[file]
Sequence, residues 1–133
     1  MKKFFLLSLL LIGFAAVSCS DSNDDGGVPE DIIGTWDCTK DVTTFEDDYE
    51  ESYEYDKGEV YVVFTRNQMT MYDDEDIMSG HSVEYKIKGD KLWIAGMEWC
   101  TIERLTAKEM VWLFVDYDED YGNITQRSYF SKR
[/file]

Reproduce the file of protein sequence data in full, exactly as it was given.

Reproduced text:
Sequence, residues 1–133
     1  MKKFFLLSLL LIGFAAVSCS DSNDDGGVPE DIIGTWDCTK DVTTFEDDYE
    51  ESYEYDKGEV YVVFTRNQMT MYDDEDIMSG HSVEYKIKGD KLWIAGMEWC
   101  TIERLTAKEM VWLFVDYDED YGNITQRSYF SKR